Sophos beefs up Intercept X zero-day malware solution with advanced machine learning

Technology from last year’s Invincea acquisition gives Intercept X massively scalable machine learning, which far exceeds the number of data sets machine learning has traditionally processed.


Security software vendor Sophos has strengthened its Intercept X solution, which was specifically designed to protect against zero-day malware and unknown exploits, as well as ransomware. The upgraded version adds what Sophos terms Advanced Deep Learning, next-generation machine learning with a massively scalable detection process that far exceeds the number of data sets that machine learning has been able to process previously. The enhanced solution also improves the anti-ransomware and exploit prevention, and adds active-hacker mitigations like credential theft protection.

Sophos accompanied its new release with results from its own State of Endpoint Security survey, which showed that ransomware in particular continues to do significant damage. The survey indicated that more than 50 per cent of organizations surveyed were hit by ransomware last year – being struck twice on average. More than 75 per cent of these were running up-to-date endpoint protection when hit. However, more than 50 per cent did not have anti-exploit technology.

“I was shocked at how many people were successfully attacked by ransomware,” said  Dan Schiappa, Sophos SVP & GM, Enduser and Network Security Group. “Most of these had up to data AV protection. Most people, however, really don’t understand what exploits are, and that AV doesn’t block them.”

Sophos acquired anti-zero day malware capacity with Dutch security firm SurfRight, and brought it to market in late 2016 to give themselves a credible offering in this space. Market response since has been strong.

“It’s the fastest growing product in the company’s history,” Schiappa said. “We sell about 90 per cent of it alongside our traditional endpoint. However, we also had new customers who bought it and added it,  and 10 per cent of customers bought Intercept X and ran it beside a competitive traditional endpoint solution.”

Intercept X doesn’t scan files like traditional anti-virus solutions. It looks at hacker techniques and uses signatureless anti-malware detection to block zero-day, unknown and memory resident attacks. The enhancements in this version include leveraging the machine learning capabilities of Invincea, which Sophos acquired last year.

“This machine learning technology brings a deep learning capability,” Schiappa said. “It uses a neural network rather than Bayesian learning. This gives us a very exacting capability to train it – on data sets that are in the hundreds of millions. Data sets in the tens of millions are more typical with Bayesian learning. This greater scale gives Intercept X a better predictive impact.”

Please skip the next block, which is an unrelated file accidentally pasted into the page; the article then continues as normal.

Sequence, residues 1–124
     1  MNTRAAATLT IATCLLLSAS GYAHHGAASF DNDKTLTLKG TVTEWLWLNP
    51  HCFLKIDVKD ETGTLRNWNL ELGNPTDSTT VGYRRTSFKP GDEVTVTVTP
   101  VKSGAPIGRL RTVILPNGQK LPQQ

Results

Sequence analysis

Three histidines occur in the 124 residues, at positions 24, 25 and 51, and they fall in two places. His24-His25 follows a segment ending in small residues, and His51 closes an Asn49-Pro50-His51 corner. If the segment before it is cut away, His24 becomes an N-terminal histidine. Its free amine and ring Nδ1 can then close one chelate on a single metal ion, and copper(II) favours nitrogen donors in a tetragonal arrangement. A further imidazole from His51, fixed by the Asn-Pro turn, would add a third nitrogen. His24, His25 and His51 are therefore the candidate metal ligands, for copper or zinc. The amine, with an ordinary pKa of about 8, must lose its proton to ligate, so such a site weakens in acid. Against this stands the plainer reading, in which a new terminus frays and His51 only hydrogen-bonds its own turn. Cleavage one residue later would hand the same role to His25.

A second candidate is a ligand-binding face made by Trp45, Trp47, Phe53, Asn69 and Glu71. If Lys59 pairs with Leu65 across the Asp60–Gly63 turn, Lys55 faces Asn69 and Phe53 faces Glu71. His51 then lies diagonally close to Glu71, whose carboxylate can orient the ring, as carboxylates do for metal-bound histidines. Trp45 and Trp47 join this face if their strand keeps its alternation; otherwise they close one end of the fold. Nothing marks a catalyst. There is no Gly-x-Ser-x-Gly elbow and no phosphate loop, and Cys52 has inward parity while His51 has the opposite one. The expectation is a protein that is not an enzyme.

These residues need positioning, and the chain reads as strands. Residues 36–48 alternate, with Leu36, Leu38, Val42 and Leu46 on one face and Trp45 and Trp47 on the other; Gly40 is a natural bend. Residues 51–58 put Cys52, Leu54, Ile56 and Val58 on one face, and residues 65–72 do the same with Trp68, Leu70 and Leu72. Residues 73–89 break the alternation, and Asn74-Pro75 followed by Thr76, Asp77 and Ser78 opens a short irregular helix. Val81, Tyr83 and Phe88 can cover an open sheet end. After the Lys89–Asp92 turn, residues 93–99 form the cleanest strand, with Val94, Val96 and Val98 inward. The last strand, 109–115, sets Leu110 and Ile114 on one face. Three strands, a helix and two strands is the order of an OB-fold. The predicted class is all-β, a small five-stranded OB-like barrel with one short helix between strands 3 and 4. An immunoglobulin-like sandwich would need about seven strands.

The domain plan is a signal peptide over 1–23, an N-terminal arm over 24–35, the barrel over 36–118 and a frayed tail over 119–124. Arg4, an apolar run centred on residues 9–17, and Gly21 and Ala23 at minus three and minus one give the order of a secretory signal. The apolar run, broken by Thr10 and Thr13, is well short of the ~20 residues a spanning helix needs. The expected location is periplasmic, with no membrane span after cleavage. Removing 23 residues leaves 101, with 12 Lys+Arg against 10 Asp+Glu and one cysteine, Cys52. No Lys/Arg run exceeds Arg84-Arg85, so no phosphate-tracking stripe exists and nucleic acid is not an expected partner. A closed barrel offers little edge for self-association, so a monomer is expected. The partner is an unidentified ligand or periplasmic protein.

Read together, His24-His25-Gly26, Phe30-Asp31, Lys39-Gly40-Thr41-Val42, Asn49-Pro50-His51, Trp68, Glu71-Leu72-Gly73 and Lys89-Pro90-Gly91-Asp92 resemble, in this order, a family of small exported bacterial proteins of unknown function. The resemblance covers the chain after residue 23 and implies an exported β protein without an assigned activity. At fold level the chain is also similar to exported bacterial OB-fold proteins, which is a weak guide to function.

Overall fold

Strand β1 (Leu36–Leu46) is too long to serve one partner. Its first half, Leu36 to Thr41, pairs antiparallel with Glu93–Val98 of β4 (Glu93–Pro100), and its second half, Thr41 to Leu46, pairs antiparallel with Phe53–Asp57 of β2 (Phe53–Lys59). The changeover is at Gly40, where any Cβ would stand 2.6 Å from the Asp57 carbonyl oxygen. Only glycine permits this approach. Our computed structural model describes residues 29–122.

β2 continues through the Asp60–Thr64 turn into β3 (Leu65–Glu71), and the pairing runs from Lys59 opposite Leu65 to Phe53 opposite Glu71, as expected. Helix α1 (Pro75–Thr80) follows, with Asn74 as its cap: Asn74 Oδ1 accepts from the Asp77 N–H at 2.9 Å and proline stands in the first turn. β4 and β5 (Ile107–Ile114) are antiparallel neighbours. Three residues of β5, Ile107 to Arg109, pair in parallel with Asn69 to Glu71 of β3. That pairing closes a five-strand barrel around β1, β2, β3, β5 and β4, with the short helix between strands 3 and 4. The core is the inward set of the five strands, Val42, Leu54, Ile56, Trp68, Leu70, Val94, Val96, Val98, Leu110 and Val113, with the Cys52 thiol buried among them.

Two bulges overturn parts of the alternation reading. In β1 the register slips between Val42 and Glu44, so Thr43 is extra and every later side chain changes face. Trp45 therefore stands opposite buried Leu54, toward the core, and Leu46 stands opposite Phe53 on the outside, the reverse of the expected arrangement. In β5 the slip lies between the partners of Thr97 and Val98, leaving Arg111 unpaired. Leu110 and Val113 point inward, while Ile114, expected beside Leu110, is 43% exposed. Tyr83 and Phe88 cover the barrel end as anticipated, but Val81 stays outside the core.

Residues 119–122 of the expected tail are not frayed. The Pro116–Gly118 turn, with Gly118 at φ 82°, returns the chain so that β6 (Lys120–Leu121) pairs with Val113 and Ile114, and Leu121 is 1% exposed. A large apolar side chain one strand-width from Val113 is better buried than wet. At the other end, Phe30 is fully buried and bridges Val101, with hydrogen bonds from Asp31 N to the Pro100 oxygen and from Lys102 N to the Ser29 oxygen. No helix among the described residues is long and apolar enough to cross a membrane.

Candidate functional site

Schiappa said that Sophos’ own capabilities have enabled it to make exceptional use of this deep learning capability.

“We couple it with what we can do in our lab infrastructure,” he said. “Many machine learning capabilities just grab. Our massive labs infrastructure allows us to pull this efficiently into training sets.”

It also provides Intercept X with a relatively low false positive rate.

“We put a lot of emphasis into detecting false positives, because these are very problematic for the business continuity,” Schiappa said. “Machine learning has significantly higher false positive rates than traditional AV. However, with Intercept X, we get high detection rates from machine learning, combined with the lower false positive rates of traditional AV.”

Intercept X also has new protection against specific types of exploits. This includes credential theft protection – one of the most used exploits – to prevent the theft of authentication passwords and hash information from memory, registry, and persistent storage.

“This also protects against code caving, in which malicious code is buried inside legitimate code to fool traditional AV,” Schiappa said. “It also protects against an exploit in the Windows Kernel that let WannaCry move laterally very rapidly, which is how it was able to spread so fast.

Finally, Sophos Clean, a further signatureless, on-demand malware scanner, has been equipped with a new engine.

“I’m really excited about all these protections we have added, in addition to the deep learning,” Schiappa said.

Sophos goes to market through its network of channel partners, and Schiappa said that the channel plays a key role in introducing newer technologies like Intercept X to customers.

“The channel is a driving factor for change, because they recommend to customers what they need,” he stated. “With 54 per cent of survey respondents attacked by ransomware, including many of them being attacked twice, this is a pain point that the channel can address.”